English has been divided into two distinct and separate GCSEs; English language and English literature. There is no longer a GCSE that mixes the two. The course work no longer counts at all for the final grade. All students will take the same exam and, unlike the new GCSE in mathematics, there will be no levels.
The English language gcse focuses more on developing students' reading, writing, speaking and listening skills. In comparison, English literature GCSE focuses more on the development of knowledge and comprehension of texts in prose, poetry and theater. In short, there are many different aspects to consider when deciding which topic is most important. In terms of the skills you'll learn, both English language and literature are equally valuable.
However, from an academic point of view, it is important to know that it is mandatory to pass the gcse english Language with a grade 4 or higher. This does not apply to GCSE English literature. Find past documents, specifications, key dates and everything you need to prepare for your exams. In addition, because it is only necessary to pass the English language, some students who have academic difficulties will not be enrolled in the GCSE English literature exams, which represents part of the largest number of students enrolled in the English language exams.
If you are interested in studying English at level A, both language and literature are of equal importance, since many universities want both and ask for grades higher than the pass rate. You will need to obtain a grade 4 or higher in the English language from GCSE; otherwise, you will have to retake the exam the following year. This is apparently due to the idea that the transferable skills that the English language gcse allows you to develop are considered more generalizable. Whether you prefer language literature depends on personal preferences, and one is not necessarily more important than the other when deciding what to study in the future or what best combines with other A levels.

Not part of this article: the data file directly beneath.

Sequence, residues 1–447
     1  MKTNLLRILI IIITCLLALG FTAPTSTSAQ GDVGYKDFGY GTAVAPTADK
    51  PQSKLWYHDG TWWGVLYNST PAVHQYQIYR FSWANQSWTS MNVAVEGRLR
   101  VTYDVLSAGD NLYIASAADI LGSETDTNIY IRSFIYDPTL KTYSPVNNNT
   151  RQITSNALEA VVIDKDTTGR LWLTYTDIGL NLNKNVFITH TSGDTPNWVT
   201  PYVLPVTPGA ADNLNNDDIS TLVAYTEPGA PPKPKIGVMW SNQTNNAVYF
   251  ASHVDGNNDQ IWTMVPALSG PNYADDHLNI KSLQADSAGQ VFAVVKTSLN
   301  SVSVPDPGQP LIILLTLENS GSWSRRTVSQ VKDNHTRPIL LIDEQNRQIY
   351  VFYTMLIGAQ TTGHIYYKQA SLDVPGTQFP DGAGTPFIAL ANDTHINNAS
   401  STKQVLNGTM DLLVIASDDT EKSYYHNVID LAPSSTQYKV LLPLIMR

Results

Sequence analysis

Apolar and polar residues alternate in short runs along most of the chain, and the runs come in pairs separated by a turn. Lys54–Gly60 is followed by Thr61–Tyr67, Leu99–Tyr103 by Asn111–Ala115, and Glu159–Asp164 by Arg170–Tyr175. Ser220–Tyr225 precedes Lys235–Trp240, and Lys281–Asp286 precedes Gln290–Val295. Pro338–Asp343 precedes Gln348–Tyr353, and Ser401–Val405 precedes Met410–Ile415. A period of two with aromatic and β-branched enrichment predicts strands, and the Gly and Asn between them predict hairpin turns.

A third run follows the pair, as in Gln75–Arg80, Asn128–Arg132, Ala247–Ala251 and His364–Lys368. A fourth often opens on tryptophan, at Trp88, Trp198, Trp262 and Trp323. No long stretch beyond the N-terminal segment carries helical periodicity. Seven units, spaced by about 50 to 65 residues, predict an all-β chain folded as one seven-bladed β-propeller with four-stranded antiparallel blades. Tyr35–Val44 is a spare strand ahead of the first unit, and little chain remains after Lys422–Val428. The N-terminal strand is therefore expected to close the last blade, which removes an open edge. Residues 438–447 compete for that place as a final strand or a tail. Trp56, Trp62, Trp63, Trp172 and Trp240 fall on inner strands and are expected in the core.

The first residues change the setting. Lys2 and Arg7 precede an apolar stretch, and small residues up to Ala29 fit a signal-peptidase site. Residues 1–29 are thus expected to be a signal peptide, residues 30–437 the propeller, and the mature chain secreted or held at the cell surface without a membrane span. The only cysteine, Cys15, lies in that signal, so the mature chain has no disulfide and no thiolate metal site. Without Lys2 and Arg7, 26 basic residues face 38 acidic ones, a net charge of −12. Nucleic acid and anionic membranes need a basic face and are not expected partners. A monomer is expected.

Universities are asking for these higher grades, as A-Levels require a lot of dedication to manage the workload. By achieving a 5 or 6 on your GCSE exams, you demonstrate that you will be able to cope with the content of the course and the exams. Any essay-based subject, specifically humanities, will require skills similar to those of English at level A, so they would be very complementary to any English subject at level A, since you can apply techniques from several subjects to improve your writing. There are three different English options at Level A; English Literature, English Language, and Combined English Literature and Language.
Despite this, it is very important to prepare well for the English language and plan to do a lot of practice work. A core subject leading to a compulsory GCSE, English will generally be taught in skill sets that are different from most other KS3 subjects. For English literature, your review will be more traditional, as you need to learn citations, understand topics and memorize key parts of the texts that will be examined. The creative aspect of English can help a lot with subjects such as film or theater studies, as you can practice your creative writing and learn about a variety of techniques used in theater and film scripts.
The English language is all about comparisons and information extraction, so by studying this subject you are really developing your analytical skills. The requirements are not that you need a pass in any GCSE English subject, but that you specifically need a GCSE English language qualification. When it comes to exam time for GCSE students, they are likely to take an exam administered through one of the country's leading awarding bodies.